Ownership Concentration in Privatized Firms: The Role of Disclosure Standards, Auditor Choice, and Auditing Infrastructure


  • We thank Najah Attig, Ray Ball, Phil Beaulieu, Jochen Bigus, Narjess Boubakri, Jean-Claude Cosset, Shane Dikolli, John Eichenseher, Sadok El Ghoul, Steve Fortin, Ken Klassen, Richard Leftwich (the editor), Clive Lennox, Gordon Roberts, Oumar Sy, Josep Tribó, and especially an anonymous referee for insightful comments. Our research has also benefited from comments from participants at the 2006 AAA Annual Meeting in Washington, the 2006 FMA European Conference in Stockholm, the 2006 AAA Audit Midyear Meeting in Los Angeles, the 2005 International Conference on Finance in Copenhagen, the 10th Symposium on Finance, Banking, and Insurance in Karlsruhe, the 2005 Northern Finance Association Meeting in Vancouver, and the 3rd International Conference on Corporate Governance in Birmingham. Finally, we appreciate generous financial support from the Social Sciences and Humanities Research Council and excellent research assistance from Mouafek Abada and Dermot Murphy. All errors remain solely our responsibility.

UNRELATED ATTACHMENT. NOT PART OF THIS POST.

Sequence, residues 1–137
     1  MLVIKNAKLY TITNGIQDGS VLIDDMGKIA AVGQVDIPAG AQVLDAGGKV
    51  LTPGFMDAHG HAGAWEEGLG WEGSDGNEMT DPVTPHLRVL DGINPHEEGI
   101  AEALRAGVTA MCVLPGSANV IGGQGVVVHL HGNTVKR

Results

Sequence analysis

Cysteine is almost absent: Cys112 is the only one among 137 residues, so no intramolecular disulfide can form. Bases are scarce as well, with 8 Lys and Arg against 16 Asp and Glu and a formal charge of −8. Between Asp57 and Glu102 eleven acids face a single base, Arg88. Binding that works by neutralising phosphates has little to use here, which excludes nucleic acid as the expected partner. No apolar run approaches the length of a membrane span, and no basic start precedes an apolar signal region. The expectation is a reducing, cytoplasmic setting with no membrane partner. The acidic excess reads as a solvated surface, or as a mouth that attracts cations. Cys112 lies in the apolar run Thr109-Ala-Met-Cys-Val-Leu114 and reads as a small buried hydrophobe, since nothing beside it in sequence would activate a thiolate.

We rely on a unique data set to estimate the impact of disclosure standards and auditor-related characteristics on ownership concentration in 190 privatized firms from 31 countries. Accounting transparency can help alleviate the agency conflict between minority investors and controlling shareholders, which is evident in the extent of ownership concentration, since the expropriation of corporate resources hinges on these private benefits remaining hidden. After controlling for other country-level and firm-level determinants, we find weak (no) evidence that extensive disclosure standards (auditor choice) reduce ownership concentration. In contrast, we report strong, robust evidence that ownership concentration is lower in countries with securities laws that specify a lower burden of proof in civil and criminal litigation against auditors, consistent with Ball's [2001] predictions. Collectively, our research implies that minority investors worldwide value legal institutions that discipline auditors in the event of financial reporting failure over both the presence of a Big 5 auditor and better disclosure standards. Re-estimating our regressions on a broad sample of western European public firms provides similar evidence on all of our predictions.